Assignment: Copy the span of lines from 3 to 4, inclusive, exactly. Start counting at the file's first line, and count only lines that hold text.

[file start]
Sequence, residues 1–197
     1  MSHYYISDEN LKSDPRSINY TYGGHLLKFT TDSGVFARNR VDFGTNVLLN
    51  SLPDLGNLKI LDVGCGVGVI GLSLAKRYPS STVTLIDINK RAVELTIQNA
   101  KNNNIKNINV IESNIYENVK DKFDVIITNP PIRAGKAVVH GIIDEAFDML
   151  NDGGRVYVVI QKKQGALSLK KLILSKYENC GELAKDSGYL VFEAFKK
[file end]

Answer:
    51  SLPDLGNLKI LDVGCGVGVI GLSLAKRYPS STVTLIDINK RAVELTIQNA
   101  KNNNIKNINV IESNIYENVK DKFDVIITNP PIRAGKAVVH GIIDEAFDML